Mary Timony's first two solo albums, Mountains and The Golden Dove, had a mystical, fairy-folk bent that was intriguing (and also presaged the popularity of similarly inspired acts like Faun Fables, Joanna Newsom, and White Magic) but also puzzling to fans of her work with Helium and Autoclave. After moving house, both personally (back to her old haunt, Washington, D.C.) and musically (to Lookout! Records), she returns with Ex Hex, a more straightforward but still delicate collection of songs that sound like exorcisms of past situations and relationships. Even though the album is on a label usually associated with punk and shows off Timony's impressive electric guitar skills, it's not as much of a return to rock as might be expected. To be sure, "On the Floor" -- a great kiss-off to a lazy (soon to be ex-) boyfriend -- and "Friend to JC" kick-start Ex Hex with a one-two rock punch, but the dark, electric piano-driven "Silence" is nearly as winding and expansive as anything that appeared on Timony's first two solo albums. Whether she surrounds her voice and melodies with guitar, bass, and drums or more exotic instruments, her approach is still distinctive (and remarkably consistent over her career): "W.O.W." and "Harmony" glide along on the hypnotic, vaguely Eastern-sounding guitar work that has become one of Timony's trademark sounds, while "In the Grass"'s drum machines and layers of acoustic and electric piano recall Magic City's mix of hard-hitting rock and ethereal keyboards. And, as always, her lyrics are formidable: lines like "Return to Pirates"' "You are the universal hate within us all" serve as reminders that it's probably not a good idea to get on Timony's bad side. More often than on some of her recent work, Ex Hex's music matches Timony's barbed words. "9x3" is a fast punchy song that could be about the mean girls in high school (or after graduation, for that matter). "Hard Times Are Hard!" and "Backwards/Forwards" are some of the most straightforward rock songs Timony has ever written, though they're far from predictable. Ex Hex can't really be called a return to form because Timony never lost it in the first place, but it's probably the most immediately appealing album in her solo career for Helium fans who missed that band's bite on her other albums.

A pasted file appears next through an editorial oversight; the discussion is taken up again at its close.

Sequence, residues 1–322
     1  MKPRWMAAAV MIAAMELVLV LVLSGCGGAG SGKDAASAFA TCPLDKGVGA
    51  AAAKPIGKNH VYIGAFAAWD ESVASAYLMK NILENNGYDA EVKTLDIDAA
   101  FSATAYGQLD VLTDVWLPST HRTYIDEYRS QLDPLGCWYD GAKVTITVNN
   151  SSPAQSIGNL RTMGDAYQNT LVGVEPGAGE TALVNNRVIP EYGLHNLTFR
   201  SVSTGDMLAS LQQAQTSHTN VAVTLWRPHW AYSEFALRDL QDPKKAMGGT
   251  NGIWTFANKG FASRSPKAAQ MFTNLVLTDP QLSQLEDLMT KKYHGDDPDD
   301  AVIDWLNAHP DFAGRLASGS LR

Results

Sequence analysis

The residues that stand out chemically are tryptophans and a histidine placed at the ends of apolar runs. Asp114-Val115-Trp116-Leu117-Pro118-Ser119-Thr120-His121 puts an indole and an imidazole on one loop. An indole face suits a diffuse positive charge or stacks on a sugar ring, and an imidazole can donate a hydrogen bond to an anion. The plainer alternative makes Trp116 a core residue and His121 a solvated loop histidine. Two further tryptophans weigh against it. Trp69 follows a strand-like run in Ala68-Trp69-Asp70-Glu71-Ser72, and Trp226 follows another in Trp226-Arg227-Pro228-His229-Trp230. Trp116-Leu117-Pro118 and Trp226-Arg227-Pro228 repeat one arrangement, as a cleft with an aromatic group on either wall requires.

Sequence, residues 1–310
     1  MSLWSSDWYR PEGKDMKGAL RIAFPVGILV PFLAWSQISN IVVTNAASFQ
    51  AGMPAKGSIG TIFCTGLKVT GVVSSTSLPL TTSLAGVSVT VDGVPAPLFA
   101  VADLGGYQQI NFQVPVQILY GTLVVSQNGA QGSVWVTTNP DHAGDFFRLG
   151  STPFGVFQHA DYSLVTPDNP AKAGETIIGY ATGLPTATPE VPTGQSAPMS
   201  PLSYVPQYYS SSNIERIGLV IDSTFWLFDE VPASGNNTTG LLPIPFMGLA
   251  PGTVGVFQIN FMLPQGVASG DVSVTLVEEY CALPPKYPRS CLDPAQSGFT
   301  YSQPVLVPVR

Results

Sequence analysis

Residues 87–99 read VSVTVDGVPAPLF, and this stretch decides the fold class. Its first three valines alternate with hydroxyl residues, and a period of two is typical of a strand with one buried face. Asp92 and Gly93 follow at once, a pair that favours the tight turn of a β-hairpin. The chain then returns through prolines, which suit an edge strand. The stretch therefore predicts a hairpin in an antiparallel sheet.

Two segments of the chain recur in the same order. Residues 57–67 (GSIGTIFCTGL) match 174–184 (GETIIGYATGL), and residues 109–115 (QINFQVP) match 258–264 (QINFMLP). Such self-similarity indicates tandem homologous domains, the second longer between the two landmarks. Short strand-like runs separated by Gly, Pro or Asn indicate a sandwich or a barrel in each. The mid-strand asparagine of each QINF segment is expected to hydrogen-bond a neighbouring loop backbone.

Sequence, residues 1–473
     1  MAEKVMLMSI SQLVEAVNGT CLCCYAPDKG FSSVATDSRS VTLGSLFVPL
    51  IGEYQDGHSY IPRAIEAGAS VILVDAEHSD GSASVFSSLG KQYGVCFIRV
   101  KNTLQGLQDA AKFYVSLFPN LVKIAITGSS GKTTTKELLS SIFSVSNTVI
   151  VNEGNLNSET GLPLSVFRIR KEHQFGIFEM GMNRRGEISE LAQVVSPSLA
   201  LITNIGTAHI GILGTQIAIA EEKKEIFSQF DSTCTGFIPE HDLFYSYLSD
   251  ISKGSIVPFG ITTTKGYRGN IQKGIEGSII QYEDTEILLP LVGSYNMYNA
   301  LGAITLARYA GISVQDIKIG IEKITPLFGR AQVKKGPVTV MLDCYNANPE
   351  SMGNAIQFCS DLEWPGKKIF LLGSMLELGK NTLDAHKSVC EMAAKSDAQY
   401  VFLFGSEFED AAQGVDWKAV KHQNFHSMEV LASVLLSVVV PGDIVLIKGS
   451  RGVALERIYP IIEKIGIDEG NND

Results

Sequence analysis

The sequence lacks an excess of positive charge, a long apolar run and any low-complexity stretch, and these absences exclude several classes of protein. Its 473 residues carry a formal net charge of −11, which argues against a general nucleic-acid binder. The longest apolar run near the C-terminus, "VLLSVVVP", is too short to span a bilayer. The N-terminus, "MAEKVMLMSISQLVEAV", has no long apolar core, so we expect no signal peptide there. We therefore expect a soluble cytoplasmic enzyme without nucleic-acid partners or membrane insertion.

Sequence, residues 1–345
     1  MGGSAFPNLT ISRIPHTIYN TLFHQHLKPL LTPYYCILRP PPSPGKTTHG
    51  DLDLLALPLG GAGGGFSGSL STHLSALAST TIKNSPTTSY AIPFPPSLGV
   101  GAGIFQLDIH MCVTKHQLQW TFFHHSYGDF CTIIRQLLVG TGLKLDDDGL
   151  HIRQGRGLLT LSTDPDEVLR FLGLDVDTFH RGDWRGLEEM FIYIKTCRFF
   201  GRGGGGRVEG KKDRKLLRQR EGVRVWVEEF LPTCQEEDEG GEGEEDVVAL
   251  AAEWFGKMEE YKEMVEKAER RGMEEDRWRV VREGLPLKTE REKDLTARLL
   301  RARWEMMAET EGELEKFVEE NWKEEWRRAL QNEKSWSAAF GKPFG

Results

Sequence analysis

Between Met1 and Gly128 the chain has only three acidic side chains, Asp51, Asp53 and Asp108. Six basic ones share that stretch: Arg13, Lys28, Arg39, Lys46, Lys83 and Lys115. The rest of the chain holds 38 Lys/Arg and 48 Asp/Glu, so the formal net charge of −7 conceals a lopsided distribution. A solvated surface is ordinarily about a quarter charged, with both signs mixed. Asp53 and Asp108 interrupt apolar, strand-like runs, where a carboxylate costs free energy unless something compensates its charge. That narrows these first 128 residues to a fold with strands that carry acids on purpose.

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AllMusic Review by Heather Phares